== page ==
two new writers: ginnah howard & nami mun

nami mun’s miles from nowhere — a brief review from the guardian:

 

Individuals living on the margins of society tend to be portrayed as hardbitten, resilient, vulnerable — yet Joon (“like the month, but spelled like themoon”), a young Korean immigrant foraging for herself in 1980s New York, is a pragmatic rather than romantic innocent. With her father absent and her mother breaking down, Joon leaves their Bronx neighbourhood, severing all connection. We follow her progress from 13-year-old in a homeless shelter to 18-year-old semi-respectability via prostitution, drug addiction and thieving. Relayed in a series of sharply delineated, matter-of-fact chapters, Joon’s desperate life and times are shot through with outrageous characters, transient loves and wisecracking dialogue. Brief, balanced and gritty, Nami Mun’s debut shows much promise.

 

ginnah howard’s night navigation
 

 

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from a recent book review: 

Ginnah Howard’s first novel opens on a cold March night in upstate New York with a woman and her 37-year-old son en route to a detox facility. Del is an anxious person who would prefer not to drive, a “worry-bird,” as her son, Mark, says, “120 pounds of nervous coming at you.” In her rush to get to the hospital on time, she misses the exit to the Thruway and ends up on icy Route 5. When Mark takes over the driving, Del suddenly feels the car slide off the road, “but no impact, no impact,” and “for a few seconds they sit and are grateful.” This is the only moment Del and Mark will be at rest.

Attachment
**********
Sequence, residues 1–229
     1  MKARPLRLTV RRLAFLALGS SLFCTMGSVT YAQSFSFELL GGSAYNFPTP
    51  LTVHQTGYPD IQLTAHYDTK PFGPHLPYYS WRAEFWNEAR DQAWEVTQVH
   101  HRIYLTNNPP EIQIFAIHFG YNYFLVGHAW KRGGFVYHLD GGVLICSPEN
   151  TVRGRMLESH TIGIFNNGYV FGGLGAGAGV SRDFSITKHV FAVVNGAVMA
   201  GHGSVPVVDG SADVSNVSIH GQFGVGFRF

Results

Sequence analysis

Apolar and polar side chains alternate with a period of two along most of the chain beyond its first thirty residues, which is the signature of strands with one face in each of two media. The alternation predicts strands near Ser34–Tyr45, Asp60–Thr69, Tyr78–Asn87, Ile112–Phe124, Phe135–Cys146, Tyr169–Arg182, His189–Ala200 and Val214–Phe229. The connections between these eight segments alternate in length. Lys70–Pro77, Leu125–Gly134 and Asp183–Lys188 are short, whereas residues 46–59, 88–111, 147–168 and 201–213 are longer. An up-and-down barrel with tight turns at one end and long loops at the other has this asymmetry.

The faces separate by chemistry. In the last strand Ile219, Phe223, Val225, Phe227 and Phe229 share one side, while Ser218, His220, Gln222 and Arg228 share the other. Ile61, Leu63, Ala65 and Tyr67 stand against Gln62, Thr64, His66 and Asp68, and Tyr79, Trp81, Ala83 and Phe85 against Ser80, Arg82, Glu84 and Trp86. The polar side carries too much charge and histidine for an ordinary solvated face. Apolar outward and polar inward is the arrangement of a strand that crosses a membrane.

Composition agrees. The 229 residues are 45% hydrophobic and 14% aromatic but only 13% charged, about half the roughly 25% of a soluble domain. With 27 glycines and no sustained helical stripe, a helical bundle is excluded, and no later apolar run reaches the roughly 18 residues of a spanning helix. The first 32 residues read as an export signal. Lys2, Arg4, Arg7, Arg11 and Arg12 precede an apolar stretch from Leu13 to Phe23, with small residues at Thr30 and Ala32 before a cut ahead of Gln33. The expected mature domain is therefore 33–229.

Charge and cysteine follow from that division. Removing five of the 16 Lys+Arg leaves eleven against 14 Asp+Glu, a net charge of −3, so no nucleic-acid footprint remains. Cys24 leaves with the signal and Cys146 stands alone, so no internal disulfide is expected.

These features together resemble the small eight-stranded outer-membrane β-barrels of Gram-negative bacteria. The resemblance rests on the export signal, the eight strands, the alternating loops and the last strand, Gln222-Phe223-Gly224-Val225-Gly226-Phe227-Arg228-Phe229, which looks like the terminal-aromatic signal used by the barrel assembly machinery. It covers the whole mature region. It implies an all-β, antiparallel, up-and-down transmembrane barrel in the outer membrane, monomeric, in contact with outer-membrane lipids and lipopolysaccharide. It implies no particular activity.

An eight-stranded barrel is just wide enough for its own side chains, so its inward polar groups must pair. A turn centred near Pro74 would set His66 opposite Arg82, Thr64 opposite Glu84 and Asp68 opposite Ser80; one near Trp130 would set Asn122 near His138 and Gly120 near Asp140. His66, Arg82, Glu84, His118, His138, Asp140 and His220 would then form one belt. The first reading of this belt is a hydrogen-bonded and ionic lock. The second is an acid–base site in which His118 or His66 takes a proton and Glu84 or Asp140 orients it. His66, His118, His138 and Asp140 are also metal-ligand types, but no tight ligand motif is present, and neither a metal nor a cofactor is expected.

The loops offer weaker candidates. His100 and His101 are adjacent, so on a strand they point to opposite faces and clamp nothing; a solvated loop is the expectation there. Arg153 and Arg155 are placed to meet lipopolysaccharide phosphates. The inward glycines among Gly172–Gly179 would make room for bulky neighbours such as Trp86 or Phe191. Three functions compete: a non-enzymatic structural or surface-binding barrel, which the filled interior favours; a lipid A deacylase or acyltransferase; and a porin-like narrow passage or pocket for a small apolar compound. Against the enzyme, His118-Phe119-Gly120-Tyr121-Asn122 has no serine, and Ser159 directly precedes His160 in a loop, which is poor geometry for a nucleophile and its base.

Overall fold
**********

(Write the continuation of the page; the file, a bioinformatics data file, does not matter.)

Set in 2002, “Night Navigation” tracks these two characters as they frantically seek redemption and recovery, with little hope of achieving either. Mark, a bipolar heroin addict, blames his mother for the suicides of his father and brother. He has been to all kinds of treatment centers, experiencing everything from what he calls the “Just Say No school of persuasion” to the “going to break you open, then put you back together” model of some hard-core therapeutic communities. He believes that if only his medications (“the plod, plod of them”) would stop dividing his thoughts “into little cubes that keep rearranging themselves — cubes with numbers click, click, clicking — maybe he could eat the way of doing things right up.” But he never does.

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